Krista Corner Havre Daily News email@example.com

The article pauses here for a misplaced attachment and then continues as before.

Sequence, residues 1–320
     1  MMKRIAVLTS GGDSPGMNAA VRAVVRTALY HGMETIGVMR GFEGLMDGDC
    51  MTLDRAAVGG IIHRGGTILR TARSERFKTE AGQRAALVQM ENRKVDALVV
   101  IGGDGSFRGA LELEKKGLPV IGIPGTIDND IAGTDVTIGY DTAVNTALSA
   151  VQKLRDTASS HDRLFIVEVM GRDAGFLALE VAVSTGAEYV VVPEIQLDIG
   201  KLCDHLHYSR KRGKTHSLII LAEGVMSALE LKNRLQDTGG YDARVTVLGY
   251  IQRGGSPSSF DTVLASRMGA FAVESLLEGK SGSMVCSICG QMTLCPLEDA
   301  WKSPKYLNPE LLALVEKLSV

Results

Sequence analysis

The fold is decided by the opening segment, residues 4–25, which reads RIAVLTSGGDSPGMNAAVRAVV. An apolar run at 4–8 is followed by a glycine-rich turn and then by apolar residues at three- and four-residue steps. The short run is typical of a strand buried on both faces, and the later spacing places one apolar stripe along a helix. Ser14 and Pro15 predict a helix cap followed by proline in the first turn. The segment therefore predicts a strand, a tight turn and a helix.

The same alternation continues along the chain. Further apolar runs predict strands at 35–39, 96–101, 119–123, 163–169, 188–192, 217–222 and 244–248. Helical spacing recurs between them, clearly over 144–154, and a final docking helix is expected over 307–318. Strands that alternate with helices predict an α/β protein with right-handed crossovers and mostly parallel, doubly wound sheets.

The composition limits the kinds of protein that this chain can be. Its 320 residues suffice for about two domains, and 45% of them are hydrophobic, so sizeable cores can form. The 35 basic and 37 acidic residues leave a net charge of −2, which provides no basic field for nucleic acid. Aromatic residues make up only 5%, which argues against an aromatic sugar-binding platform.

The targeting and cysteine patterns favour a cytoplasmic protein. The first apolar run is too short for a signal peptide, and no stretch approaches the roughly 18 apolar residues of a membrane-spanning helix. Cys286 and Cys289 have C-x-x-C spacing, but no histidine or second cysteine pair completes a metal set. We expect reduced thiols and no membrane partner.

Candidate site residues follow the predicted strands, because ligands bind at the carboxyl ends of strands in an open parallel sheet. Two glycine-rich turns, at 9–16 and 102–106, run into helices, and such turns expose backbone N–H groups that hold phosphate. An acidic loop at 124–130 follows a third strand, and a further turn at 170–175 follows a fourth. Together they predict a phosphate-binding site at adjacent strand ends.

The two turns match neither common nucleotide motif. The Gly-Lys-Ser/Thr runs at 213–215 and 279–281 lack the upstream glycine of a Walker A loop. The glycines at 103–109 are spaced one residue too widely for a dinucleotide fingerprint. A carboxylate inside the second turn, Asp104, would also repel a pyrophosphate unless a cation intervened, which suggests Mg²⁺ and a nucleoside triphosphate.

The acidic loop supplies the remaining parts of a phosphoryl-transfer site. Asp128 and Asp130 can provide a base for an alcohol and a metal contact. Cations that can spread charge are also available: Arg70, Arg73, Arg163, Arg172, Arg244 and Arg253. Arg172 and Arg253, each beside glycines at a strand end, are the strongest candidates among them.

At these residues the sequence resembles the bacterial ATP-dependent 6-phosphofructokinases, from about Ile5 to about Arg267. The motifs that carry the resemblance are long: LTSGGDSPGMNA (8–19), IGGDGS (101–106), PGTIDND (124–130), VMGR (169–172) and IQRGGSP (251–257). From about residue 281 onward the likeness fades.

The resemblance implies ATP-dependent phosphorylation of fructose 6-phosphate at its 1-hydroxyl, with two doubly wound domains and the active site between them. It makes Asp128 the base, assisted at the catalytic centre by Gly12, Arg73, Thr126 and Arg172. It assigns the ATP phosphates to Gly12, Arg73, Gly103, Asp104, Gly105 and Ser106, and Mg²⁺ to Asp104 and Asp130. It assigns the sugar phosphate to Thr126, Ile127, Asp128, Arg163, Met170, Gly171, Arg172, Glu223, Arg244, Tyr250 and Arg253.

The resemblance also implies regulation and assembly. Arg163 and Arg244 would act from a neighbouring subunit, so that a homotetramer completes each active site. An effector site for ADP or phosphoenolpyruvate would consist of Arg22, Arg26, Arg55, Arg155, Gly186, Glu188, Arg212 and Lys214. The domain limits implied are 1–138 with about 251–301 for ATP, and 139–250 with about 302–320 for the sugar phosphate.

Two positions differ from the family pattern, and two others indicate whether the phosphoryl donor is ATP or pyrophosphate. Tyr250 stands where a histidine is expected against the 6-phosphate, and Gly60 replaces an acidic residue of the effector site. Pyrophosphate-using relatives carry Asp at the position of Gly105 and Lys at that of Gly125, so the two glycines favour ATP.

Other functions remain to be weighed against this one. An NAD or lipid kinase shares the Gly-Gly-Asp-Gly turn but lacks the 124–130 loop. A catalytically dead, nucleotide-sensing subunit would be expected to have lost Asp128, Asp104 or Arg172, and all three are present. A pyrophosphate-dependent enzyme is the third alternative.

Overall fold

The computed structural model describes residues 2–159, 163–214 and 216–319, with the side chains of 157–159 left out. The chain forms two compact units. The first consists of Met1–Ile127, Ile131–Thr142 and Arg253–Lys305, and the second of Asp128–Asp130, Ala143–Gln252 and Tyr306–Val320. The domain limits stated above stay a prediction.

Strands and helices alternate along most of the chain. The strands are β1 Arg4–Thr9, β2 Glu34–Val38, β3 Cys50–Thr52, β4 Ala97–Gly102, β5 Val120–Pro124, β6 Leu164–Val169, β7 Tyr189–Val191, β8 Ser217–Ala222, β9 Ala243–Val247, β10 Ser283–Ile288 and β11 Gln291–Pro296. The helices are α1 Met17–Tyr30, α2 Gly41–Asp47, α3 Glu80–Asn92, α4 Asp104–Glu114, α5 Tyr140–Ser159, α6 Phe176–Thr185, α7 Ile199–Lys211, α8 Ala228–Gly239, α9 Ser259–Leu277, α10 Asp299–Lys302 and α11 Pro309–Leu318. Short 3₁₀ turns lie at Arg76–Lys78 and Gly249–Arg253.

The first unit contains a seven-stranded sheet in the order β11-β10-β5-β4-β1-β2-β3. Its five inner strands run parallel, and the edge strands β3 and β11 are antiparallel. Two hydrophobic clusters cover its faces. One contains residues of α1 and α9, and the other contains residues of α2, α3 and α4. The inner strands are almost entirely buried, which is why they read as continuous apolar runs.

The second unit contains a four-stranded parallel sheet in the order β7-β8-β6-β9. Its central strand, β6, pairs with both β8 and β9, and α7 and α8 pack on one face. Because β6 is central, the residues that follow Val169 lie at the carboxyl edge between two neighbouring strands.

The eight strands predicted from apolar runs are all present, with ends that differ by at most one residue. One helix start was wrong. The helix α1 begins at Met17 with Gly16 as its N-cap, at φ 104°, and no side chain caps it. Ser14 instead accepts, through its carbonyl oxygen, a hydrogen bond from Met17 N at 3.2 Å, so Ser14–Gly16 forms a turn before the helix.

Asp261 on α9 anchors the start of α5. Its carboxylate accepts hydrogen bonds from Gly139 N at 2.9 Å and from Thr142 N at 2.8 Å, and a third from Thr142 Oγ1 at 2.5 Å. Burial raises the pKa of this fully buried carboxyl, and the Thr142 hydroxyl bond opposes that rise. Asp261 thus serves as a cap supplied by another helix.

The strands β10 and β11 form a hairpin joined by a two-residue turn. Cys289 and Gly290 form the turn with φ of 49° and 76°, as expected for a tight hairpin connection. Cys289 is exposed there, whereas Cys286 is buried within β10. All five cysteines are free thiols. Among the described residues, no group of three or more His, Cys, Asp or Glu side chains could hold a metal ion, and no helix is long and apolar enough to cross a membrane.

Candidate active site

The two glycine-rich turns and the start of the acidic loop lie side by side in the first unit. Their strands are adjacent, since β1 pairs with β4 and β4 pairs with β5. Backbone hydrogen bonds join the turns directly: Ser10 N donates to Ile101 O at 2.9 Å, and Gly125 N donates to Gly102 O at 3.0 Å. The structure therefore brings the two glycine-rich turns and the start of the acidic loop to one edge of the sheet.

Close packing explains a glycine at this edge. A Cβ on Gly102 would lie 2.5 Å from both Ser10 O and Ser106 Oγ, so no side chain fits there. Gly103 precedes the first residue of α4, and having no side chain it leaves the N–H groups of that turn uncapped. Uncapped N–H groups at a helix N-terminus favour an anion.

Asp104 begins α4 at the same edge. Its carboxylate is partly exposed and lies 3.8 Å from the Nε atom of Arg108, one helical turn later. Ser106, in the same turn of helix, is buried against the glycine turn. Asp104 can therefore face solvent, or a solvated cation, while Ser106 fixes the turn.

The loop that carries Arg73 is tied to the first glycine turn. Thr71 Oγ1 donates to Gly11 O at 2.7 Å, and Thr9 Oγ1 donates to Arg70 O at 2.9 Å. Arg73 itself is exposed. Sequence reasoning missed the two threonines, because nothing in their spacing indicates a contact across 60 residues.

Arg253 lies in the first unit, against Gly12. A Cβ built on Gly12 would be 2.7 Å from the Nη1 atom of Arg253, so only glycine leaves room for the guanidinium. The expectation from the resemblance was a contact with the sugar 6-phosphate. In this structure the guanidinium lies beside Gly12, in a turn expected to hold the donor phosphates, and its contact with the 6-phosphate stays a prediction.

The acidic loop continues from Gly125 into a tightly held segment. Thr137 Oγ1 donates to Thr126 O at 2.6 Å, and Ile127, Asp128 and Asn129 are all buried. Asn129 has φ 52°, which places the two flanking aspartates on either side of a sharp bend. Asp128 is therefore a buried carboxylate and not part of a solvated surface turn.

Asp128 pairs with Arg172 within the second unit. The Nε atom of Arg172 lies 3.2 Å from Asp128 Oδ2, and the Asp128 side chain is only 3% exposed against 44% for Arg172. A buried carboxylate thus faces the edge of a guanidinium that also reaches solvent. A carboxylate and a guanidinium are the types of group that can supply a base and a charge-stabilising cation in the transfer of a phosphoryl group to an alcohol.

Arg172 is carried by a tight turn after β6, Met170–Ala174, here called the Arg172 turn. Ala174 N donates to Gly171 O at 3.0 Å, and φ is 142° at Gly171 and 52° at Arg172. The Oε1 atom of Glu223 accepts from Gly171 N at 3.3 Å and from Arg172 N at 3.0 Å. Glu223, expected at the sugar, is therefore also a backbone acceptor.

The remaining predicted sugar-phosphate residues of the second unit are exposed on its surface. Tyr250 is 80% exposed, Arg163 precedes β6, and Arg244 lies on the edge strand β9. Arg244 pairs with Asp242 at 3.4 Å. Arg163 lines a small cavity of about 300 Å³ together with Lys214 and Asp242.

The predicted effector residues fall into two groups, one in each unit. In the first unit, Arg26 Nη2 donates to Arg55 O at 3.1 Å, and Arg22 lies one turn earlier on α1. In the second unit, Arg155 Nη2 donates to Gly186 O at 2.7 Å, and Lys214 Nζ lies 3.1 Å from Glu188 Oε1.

Property tax bills may rise to help fund the city's infrastructure portion of the First Street Project. Haver residents' property taxes include a storm-sewer surcharge, which was a main topic of city council's regular meeting Monday. The Havre City Council passed the first reading of Ordinances 860 and 861 during that meeting. Both ordinances had been made available for public reading earlier by displaying the verbiage on a poster board at City Hall, Mayor Bob Rice said. However, no public comment regarding either was received during the meeting. City officials said the second reading of the ordinances will occur at the next regular council meeting Jan. 21 at 7 p.m. Ordinance 860 simply separates the storm-sewer funds (from property taxes) and the regular sewage fund (from water-sewer bills). City officials said the change was necessary to pay for the storm sewer portion of the First Street Project. Public Works Director Dave Peterson said, “Before, (property owners) were being charged for storm sewer as a maintenance charge. We are making it into an enterprise fund for the cost of the First Street Project for the storm sewer.” The city water fund is an enterprise fund. The difference between a maintenance fund and an enterprise fund, is that the maintenance fund cannot be borrowed against. It cannot show debt. The enterprise fund can be borrowed against for improvements. Peterson said that separating the storm sewer fund and the sewage fund will allow city officials to borrow money to offset the cost of the First Street Project and future projects. “Our hope is that we won’t have to have as much of a reserve, and it might lower the cost of the storm sewer Assessment.” Surcharge restructured Ordinance 861 would change the amount property owners will pay on their property tax surcharge depending on the classification of their property. “We’re putting a cap on (properties) that have vacant land so (owners) are not being charged for the whole acreage,” Peterson said. “We never had the caps on it before. In the past (the surcharge) was based on square footage, but now it will be assessed based on different categories. It’s basically going to be (assessed) on the benefit to the property instead of a flat rate.” Deputy Director of Public Works Jeff Jansen said that on the 2007 property tax assessments, for a typical lot measuring 50 by 140 feet, the owner was charged $12.52 for the storm-sewer surcharge. Three new classifications are presented in the ordinance. Residential land includes single lots with one one-family or one twofamily residential structure which is occupied for residential purposes. Commercial land will mean each single lot with one or more commercial, business, governmental or other non-residential structures including multi-family residential structures (more than two families residing), along with garages, out buildings, paved parking lots and areas or other surface improvements located on the land. For land to be considered vacant, it must be a single lot on which no physical improvement of any kind is constructed. Exempt land is government- owned land used for public purposes (parks and cemeteries). The classifications also have subcategories, which are listed in the ordinance. Vacant and residential land will never be charged for more than two acres of land. Commercial properties will be assessed by the percentage of land covered with improved surfaces. "Most (tax surcharges) are going to go up because of the construction costs on First Street, but some (owners) may be paying more because of the acreage,” he said. “Other (property taxes) might come down, but it depends on how much difference in acreage there is.” Included with Ordinance 861 is Exhibit “A,” which shows areas of Havre not affecting the storm sewage drainage. Peterson said because these properties don’t contribute to the drainage the two areas west of Wilson Avenue and the areas known as the Quantum 5 subdivision east of town on the south side of U.S. Highway 2 won’t be assessed for the surcharge. Every other property falling within the city limits will be assessed. In other city council news: The Council approved the probationary appointment of Christopher J. Reichelt, 25, to the Havre Pollice Department. He is the son of Deputy Sheriff Monte Reichelt. A water and sewer committee meeting is set for Tuesday at 6:30 p. m. at City Hall. The Havre-Hill County Growth Policy Committee will meet Wednesday at 6:30 p.m. at City Hall. Three new Council members were sworn in: Cal Long (Ward 2), Bob Kaul (Ward 3) and Andrew Brekke (Ward 4). Pam Hillery (Ward 1) was also sworn in as a returning council member.